• HB9: A bill to reduce drug penalties.” This bill would lessen the penalty for possession of less than 2 ounces of marijuana to a Class C Misdemeanor. It would also lessen the penalty for possession of trace amounts of cocaine to a Class A Misdemeanor.
  • HB10: A bill to eliminate the statute of limitations on reporting rape.” Wendy Davis proposed this on the campaign trail, I see no reason it should not get bipartisan support.

I might likely still add more ideas, so consider this a work in progress.

Thank You,

Noah M. Horwitz

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4 thoughts on “My Christmas list for the Lege

  1. I’m afraid you should expect only a lump of coal in your stocking.

  2. I’ll go along with 2, 5, and 9. The others are wrong for a variety of reasons.

    HB1 — College students are not entitled to greater privileges than any other class of students. In addition, denying this privilege to students from other counties is a denial of equal protection of the laws.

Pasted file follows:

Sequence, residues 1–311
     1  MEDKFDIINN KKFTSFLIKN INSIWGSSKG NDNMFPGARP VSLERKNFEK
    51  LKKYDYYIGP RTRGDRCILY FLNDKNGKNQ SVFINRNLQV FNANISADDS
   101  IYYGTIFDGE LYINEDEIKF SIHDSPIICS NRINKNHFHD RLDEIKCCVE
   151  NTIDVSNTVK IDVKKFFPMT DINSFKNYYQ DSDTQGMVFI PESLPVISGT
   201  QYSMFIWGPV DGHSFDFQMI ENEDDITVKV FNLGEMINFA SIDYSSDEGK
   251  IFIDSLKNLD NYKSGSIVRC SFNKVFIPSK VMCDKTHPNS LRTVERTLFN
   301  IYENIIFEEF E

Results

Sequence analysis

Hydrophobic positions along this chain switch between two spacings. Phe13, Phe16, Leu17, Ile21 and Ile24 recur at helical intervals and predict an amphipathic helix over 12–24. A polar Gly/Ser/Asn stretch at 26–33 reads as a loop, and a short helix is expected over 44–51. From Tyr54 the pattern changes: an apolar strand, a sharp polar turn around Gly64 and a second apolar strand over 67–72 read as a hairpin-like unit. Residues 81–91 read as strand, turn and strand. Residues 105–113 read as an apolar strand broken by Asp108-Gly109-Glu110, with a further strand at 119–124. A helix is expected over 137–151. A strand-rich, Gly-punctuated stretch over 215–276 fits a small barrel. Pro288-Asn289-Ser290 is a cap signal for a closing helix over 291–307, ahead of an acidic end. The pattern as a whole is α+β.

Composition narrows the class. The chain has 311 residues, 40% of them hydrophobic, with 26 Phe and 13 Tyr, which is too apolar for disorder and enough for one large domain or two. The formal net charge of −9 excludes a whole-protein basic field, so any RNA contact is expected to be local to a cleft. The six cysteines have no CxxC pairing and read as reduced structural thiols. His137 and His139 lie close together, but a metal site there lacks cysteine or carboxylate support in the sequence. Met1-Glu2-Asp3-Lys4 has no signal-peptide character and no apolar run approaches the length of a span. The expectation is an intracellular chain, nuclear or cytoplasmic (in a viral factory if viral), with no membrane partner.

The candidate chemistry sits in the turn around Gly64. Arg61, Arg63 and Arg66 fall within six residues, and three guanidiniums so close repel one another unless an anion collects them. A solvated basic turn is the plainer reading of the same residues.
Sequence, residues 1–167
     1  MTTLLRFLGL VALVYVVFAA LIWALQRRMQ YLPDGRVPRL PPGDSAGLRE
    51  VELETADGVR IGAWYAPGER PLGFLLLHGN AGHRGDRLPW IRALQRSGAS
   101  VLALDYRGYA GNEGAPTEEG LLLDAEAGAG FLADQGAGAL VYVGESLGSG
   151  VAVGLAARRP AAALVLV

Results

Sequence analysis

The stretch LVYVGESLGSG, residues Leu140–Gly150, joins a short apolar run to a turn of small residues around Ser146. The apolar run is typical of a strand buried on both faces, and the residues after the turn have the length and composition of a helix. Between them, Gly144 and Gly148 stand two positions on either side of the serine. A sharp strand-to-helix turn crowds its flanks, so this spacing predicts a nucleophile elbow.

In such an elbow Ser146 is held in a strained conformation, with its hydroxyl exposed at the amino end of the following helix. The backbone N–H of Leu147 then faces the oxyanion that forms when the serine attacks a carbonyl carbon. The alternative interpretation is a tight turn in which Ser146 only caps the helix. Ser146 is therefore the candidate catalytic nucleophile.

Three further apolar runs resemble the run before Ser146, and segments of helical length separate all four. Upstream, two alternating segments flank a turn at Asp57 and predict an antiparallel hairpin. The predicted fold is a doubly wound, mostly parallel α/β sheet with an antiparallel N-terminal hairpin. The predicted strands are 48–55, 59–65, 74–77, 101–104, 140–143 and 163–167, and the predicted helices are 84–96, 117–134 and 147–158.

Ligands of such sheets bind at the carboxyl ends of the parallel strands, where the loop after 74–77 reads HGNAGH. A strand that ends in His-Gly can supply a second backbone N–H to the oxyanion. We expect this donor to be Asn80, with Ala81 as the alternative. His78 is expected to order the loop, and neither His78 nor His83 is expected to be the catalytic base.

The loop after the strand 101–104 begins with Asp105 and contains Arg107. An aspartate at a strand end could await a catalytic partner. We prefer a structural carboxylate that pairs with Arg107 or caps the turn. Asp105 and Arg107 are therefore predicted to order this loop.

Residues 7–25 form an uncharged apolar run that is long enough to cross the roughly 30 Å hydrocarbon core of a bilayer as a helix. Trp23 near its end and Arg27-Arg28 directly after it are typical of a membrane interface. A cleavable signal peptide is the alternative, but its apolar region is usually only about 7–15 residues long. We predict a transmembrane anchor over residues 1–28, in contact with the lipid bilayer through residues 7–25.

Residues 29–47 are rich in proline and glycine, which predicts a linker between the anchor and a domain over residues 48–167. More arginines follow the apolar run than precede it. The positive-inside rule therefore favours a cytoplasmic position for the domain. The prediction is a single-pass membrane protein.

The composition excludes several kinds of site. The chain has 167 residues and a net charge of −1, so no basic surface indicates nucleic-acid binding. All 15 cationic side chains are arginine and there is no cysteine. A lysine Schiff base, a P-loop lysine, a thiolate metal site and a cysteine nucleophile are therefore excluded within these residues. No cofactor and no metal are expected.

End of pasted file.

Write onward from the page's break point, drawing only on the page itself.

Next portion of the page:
HB3 — You are the second Democrat I’ve run into suggesting that the time has come to increase this regressive tax that hits the poor hardest. The other is this one, who also advocates murdering those whose politics he disagrees with. That puts you in really bad company.

    HB4 — The notion that property along the coast is not subject to the constraints of the Fifth Amendment regarding compensation of property taken for public use is disturbing.

    HB5 — The practical impact of that standard would be to negate the possibility of imposing the death penalty because one could never be sure beyond a shadow of a doubt that the actual killer was not a space alien disguised as the accused via use of a holographic projection. And that shows how absurd your proposal is.